But let's concentrate on what's happening on the field. And what's happening is this: The Jets are a good road team, losing only one of seven starts. The Bears are not a good home team. In fact, they're 4-3 at Soldier Field. OK, so they beat the Eagles there, and that's good. But they also lost to the Seahawks there, and that is not.

Now along come the Jets with a "Ground and Pound" game that looks more like "Stale and Frail," with the club rushing for 193 yards its past two starts. That's why Generation Rex turned more and more to Sanchez, and that's OK if he's not making mistakes. But until last weekend, he was -- with one touchdown and five interceptions his previous three starts -- and keep that in mind if you're called, Mark Brunell.

I mention turnovers because they should decide what happens here. I wouldn't trust Jay Cutler as far as I could throw a manhole cover, but he has cut down on turnovers the second half of the season. That corresponds to the club's 6-1 record the past seven games, and draw your own conclusions. The Jets can cover Chicago's receivers. They can stop Matt Forte, too.

What this comes down to is which defense forces takeaways and which offense can cash them in. If it comes down to special teams, sorry, I'm with the Bears. They have Robbie Gould. The Jets have Nick Folk. They have Devin Hester. The Jets have Brad Smith (he's good, but he's no Hester). Oh, yeah, the Jets may also have Brunell at quarterback.

Check, please.

Something to consider: Ryan insists he won't punt to Hester, but if he does, keep this in mind: Jets punter Steve Weatherford leads the league with 24 forced fair catches and is second in punts inside the 20 with 35.

San Francisco at St. Louis, 1 p.m. ET

The line: Rams by 2½

The story: San Francisco coach Mike Singletary wouldn't tell us who would play quarterback Sunday, though he did reveal Thursday it would be Troy Smith. What Singletary forgot while he played this charade is that IT REALLY DOESN'T MATTER. He rotates quarterbacks like most people change socks, and when you can't make up your mind between two quarterbacks to start, it means you have none.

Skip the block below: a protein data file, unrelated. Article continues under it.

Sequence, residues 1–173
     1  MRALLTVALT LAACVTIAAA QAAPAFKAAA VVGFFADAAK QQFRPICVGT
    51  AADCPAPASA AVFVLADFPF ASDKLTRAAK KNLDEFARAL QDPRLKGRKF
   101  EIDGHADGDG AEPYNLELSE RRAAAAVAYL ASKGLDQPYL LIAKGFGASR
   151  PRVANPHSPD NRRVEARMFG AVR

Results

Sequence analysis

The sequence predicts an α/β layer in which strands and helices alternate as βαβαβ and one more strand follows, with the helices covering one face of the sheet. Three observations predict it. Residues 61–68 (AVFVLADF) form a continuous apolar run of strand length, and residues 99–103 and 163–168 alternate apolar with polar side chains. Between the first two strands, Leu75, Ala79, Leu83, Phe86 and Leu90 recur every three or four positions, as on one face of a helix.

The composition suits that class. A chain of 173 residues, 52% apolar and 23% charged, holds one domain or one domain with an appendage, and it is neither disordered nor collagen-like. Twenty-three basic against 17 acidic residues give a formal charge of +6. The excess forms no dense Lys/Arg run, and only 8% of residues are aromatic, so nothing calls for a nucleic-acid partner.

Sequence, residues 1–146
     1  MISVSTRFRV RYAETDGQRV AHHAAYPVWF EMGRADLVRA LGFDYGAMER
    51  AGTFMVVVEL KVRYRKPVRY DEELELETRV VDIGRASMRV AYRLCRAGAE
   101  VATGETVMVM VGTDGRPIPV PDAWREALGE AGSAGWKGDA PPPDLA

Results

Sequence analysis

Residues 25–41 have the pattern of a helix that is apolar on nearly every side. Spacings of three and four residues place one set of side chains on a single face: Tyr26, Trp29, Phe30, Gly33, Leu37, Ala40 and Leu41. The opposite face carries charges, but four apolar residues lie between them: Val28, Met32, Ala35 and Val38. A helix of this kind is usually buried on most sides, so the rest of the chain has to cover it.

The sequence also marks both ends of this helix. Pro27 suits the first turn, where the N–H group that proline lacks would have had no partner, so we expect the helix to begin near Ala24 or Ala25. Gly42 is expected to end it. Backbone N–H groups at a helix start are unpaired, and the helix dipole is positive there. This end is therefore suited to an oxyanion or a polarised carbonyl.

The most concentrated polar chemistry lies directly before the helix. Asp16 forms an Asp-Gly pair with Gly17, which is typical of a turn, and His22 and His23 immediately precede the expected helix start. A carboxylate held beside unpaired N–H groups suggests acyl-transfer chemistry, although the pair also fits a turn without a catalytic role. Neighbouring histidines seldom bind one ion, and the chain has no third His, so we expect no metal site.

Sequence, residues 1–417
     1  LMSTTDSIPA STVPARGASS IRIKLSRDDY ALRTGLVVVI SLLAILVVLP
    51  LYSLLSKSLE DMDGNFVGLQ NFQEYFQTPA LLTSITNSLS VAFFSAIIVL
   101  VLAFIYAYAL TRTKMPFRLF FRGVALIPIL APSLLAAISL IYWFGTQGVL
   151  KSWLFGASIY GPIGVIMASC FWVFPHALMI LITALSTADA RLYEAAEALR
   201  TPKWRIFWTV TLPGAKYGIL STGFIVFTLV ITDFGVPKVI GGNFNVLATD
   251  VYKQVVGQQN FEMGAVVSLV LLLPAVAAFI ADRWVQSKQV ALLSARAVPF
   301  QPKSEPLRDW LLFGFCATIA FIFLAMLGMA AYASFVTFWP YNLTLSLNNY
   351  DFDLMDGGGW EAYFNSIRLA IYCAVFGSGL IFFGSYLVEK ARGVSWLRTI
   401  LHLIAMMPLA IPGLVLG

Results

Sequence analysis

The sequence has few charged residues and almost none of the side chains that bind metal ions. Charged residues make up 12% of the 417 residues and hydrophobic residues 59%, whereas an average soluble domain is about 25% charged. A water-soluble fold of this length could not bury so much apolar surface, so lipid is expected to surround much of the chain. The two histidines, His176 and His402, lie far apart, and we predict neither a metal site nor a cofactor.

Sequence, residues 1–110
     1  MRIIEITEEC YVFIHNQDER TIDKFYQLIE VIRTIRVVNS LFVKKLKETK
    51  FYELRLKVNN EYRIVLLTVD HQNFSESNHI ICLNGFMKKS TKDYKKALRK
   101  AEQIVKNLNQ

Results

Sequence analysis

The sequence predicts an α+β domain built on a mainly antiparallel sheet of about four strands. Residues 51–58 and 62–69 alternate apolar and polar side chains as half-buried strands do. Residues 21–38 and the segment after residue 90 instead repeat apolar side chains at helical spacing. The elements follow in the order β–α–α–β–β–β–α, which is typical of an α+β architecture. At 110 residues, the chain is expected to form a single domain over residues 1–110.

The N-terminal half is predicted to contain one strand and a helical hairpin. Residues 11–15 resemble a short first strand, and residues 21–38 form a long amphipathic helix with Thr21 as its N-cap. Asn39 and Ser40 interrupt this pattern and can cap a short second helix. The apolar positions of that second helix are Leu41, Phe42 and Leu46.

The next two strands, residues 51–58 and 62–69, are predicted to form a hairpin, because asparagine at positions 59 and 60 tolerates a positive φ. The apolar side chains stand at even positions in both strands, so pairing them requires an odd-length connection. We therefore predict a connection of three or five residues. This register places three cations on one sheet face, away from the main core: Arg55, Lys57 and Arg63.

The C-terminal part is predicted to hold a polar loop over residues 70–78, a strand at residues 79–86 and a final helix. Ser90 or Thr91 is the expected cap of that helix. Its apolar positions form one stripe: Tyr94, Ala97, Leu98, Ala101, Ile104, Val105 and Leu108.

So why is this game meaningful? Well, listen up: At 5-9, the 49ers are only a game out of first in the NFC West. All season long Singletary has told us he plans to make the playoffs, and we scoffed. But that's because we looked at how good his team was, which it wasn't, and envisioned, oh, say, 8-8 winning the division.

Sorry, wrong again. I'm now convinced 7-9 can do it, which means the 49ers are driving to the playoffs with Alex ... no, Troy ... no, Alex ... no, Troy Smith. All I know is that the 49ers are 5-4 over their past nine games, and tell me who in this division is better? I'm waiting. San Francisco is young, talented and promising, but we've been saying that for too long. This team is one of the season's great underachievers, and if it doesn't make the playoffs -- I don't care what the record -- Singletary can start working on his next career.

Normally, I wouldn't like the 49ers here, but I saw the Rams last weekend and they weren't good. Correction: They stunk. Plus, quarterback Sam Bradford hasn't thrown a touchdown pass in three weeks. So this is on Steven Jackson and the Rams defense, and tell me that's enough to stop the 49ers. Remember, San Francisco is 1-1 indoors and nearly beat Atlanta in the Georgia Dome.

Something to consider: The last time these two met, Troy Smith started and the 49ers won in overtime. But look a little closer: The 49ers won in spite of themselves. They were 0 for 11 on third-down conversions.

Indianapolis at Oakland, 4:05 p.m. ET (CBS) | Preview

The line: Colts by 3½